The Ontario Court of Appeal is getting set to reconsider a leading Canadian case on jurisdiction over non-resident defendants.
Nevertheless, Glaspell argues the 2002 case that outlined the so-called real and substantial connection test for determining whether the court has jurisdiction is an important one.
“The Muscutt quintology demonstrated, for the first time, a careful integration of private and customary international law concepts, leaving a considerable degree of judgment to the courts as to the application of the real and substantial connection test to a given set of facts.
“The decision works well in practice and is likely the most persuasive and influential of its kind by the Ontario Court of Appeal in the past decade. It has been widely followed by judges across Canada, including many at the Supreme Court of Canada.”
The test arising from Muscutt is a flexible one involving eight factors, none of which is determinative by itself and all of which must be weighed.
The eight factors are: the connection between Ontario and the plaintiff’s claim; the connection between Ontario and the defendant; unfairness to the defendant in assuming jurisdiction; unfairness to the plaintiff in not assuming jurisdiction; involvement of other parties in the suit; the court’s willingness to recognize and enforce a similar judgment against a domestic defendant rendered on the same jurisdictional basis; whether the case is international or interprovincial in nature; and comity and the standards of jurisdiction, recognition, and enforcement elsewhere.
It appears, however, that the current Court of Appeal has had second thoughts about the Muscutt test or at least some of its components. Prompted, it seems, by academic criticism of the case, including an oft-cited article by professor Tanya Monestier, the court will be reconsidering the Muscutt framework at a hearing set for this week.
The issue arose following arguments in Charron v. Bel Air Travel Group Ltd. and Van Breda v. Village Resorts Limited. In both cases, the trial judges had applied Muscutt to find jurisdiction, but the defendants appealed.
After reserving judgment in both cases, the Court of Appeal advised that it had “become aware of certain developments in the law that may warrant this court revisiting aspects of its decision in Muscutt v. Courcelles.”
A five-judge panel will consider the issue.
Charron arose from the plaintiff’s purchase of an all-inclusive package holiday to Cuba from a resort owned by a Cuban company. While taking advantage of the free scuba diving at the resort, the plaintiff died.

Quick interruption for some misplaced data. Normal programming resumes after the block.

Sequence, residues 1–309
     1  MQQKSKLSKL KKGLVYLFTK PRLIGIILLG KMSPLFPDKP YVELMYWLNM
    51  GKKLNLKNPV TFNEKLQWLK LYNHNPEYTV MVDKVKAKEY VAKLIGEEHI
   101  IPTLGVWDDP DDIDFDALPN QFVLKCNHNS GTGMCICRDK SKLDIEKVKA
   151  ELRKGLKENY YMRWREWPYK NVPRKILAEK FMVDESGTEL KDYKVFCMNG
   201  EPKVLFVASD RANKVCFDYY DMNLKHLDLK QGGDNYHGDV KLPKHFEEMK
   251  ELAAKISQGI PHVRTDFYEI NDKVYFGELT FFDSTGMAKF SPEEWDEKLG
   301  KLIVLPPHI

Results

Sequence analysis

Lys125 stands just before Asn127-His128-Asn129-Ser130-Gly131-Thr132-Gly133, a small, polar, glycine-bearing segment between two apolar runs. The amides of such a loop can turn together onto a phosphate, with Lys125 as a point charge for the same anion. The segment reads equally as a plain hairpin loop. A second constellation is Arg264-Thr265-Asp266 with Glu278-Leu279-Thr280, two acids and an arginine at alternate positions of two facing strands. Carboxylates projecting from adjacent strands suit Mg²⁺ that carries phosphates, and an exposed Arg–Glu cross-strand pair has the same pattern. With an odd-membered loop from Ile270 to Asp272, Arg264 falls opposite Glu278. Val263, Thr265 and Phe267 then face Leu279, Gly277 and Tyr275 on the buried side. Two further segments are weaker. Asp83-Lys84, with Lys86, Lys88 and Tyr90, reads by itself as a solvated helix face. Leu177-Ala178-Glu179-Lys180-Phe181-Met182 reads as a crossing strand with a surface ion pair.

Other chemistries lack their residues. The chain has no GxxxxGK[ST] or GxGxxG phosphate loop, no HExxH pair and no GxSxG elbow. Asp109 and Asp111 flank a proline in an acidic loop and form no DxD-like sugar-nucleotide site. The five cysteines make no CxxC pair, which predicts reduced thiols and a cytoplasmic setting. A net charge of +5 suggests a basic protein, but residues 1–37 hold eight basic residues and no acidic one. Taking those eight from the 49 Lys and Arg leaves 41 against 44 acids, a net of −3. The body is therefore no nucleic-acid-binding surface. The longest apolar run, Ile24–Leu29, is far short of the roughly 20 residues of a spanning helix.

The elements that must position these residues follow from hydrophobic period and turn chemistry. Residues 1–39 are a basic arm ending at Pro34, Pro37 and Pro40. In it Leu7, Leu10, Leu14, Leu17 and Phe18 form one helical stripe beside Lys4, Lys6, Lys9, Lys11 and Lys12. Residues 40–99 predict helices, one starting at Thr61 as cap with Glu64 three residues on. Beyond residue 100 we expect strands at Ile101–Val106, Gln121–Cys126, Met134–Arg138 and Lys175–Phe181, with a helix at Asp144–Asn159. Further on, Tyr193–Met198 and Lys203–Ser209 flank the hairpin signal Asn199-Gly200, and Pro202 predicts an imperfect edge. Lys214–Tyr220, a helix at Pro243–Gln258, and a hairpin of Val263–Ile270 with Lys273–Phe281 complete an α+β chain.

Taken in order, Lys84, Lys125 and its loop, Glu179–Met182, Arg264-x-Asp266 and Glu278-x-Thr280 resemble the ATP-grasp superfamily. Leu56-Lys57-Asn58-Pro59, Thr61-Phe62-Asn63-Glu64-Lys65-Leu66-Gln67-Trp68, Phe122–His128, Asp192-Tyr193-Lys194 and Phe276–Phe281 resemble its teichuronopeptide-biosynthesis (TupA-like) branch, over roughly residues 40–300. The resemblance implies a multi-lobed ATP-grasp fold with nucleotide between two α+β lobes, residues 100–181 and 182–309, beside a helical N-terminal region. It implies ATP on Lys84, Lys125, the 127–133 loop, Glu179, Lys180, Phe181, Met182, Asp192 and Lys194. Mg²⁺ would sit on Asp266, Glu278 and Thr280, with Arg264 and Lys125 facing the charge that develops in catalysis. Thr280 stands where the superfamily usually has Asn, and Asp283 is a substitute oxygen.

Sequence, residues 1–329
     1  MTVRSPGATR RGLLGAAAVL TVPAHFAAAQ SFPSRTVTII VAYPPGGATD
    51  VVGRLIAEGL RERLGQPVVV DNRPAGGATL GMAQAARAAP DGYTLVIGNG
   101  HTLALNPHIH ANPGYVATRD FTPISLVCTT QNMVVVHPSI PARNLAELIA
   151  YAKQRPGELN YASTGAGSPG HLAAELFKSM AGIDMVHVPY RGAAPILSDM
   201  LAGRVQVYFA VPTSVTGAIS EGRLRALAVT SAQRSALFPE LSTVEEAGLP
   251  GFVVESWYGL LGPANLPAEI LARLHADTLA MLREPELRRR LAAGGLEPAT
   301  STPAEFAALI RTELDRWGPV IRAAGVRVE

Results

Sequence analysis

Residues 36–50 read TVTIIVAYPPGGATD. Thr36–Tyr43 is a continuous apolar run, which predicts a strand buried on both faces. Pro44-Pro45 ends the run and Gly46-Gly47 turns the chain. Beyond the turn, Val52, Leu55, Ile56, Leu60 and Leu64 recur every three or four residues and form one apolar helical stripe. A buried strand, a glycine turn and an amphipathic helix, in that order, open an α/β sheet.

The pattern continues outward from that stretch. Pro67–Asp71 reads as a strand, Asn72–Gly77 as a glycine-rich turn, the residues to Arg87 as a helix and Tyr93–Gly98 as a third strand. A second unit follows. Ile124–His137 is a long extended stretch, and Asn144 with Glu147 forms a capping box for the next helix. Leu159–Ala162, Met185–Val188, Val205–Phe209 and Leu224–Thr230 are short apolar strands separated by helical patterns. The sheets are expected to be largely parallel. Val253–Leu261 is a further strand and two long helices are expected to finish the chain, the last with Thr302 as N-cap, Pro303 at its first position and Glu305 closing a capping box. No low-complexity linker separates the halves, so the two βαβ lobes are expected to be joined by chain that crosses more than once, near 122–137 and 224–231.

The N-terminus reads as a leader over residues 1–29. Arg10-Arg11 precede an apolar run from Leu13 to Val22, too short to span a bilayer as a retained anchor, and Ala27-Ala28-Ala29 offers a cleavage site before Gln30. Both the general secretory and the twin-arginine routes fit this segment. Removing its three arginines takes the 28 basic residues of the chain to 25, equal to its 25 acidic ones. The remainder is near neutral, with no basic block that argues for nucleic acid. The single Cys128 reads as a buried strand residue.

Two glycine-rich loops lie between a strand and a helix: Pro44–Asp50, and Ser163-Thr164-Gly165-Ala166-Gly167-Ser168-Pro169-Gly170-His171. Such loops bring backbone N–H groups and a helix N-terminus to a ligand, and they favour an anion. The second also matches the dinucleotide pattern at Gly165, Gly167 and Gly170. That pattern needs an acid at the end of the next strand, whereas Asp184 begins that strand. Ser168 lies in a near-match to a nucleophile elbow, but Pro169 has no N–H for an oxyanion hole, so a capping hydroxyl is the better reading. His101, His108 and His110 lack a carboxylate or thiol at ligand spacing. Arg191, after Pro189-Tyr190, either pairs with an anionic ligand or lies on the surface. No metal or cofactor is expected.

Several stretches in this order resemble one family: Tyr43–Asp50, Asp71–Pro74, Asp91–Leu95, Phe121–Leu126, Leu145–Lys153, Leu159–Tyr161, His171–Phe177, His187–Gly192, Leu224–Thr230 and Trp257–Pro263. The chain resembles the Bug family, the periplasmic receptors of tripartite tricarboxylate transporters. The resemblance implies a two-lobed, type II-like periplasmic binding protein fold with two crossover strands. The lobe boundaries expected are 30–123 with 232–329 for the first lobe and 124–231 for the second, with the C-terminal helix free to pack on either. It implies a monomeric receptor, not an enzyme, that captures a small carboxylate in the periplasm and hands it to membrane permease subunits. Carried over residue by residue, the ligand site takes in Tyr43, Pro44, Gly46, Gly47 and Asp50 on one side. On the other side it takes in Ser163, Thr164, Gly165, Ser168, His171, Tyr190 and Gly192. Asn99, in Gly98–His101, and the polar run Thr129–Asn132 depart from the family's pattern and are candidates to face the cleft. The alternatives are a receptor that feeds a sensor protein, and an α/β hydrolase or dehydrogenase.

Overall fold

The trial judge concluded that one of the defendant companies, resident in the Cayman Islands, had a real and substantial connection to Ontario because it had provided the accommodation in Cuba pursuant to an agreement with a tour operator here.
The incident that gave rise to Van Breda also occurred in Cuba when the female plaintiff suffered permanent injuries as a result of an accident at a beach resort.
The trial judge ruled that the resort, domiciled in the Cayman Islands, might have entered into the contract with the male plaintiff through a representative here.
He noted the potential unfairness of a Communist regime’s judicial system and the fact that none of the defendants were Cuban. He therefore concluded that a real and substantial connection between the subject matter of the action and Ontario existed.
According to Jerome Morse of Toronto’s Adair Morse LLP, who with colleague John Adair represents the plaintiffs in Charron, the academic commentary reveals four common criticisms of Muscutt: that it creates uncertainty and unpredictability; it increases the cost and complexity of litigation because it requires parties to adduce evidence of foreign law; it conflates the jurisdiction simpliciter analysis with the forum non conveniens analysis; and developments in other provinces, notably the adoption of uniform legislation, mean that Ontario’s approach to jurisdiction is not consistent with the approach taken elsewhere.
But Morse vows to attack the academic literature.
“I’ve never seen a single case where a court has said that Muscutt is unworkable,” he says.